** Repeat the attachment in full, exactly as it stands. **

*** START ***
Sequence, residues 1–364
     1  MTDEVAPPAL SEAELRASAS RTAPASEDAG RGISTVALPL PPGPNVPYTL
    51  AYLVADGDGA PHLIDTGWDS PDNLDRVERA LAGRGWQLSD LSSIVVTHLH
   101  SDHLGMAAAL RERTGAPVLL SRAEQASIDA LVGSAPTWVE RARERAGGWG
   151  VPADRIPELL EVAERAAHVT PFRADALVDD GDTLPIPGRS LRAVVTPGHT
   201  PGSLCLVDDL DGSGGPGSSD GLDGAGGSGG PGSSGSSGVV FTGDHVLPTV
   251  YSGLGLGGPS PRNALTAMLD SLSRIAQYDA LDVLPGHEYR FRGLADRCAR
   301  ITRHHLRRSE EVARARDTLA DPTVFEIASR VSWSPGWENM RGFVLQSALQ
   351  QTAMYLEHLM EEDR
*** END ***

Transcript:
Sequence, residues 1–364
     1  MTDEVAPPAL SEAELRASAS RTAPASEDAG RGISTVALPL PPGPNVPYTL
    51  AYLVADGDGA PHLIDTGWDS PDNLDRVERA LAGRGWQLSD LSSIVVTHLH
   101  SDHLGMAAAL RERTGAPVLL SRAEQASIDA LVGSAPTWVE RARERAGGWG
   151  VPADRIPELL EVAERAAHVT PFRADALVDD GDTLPIPGRS LRAVVTPGHT
   201  PGSLCLVDDL DGSGGPGSSD GLDGAGGSGG PGSSGSSGVV FTGDHVLPTV
   251  YSGLGLGGPS PRNALTAMLD SLSRIAQYDA LDVLPGHEYR FRGLADRCAR
   301  ITRHHLRRSE EVARARDTLA DPTVFEIASR VSWSPGWENM RGFVLQSALQ
   351  QTAMYLEHLM EEDR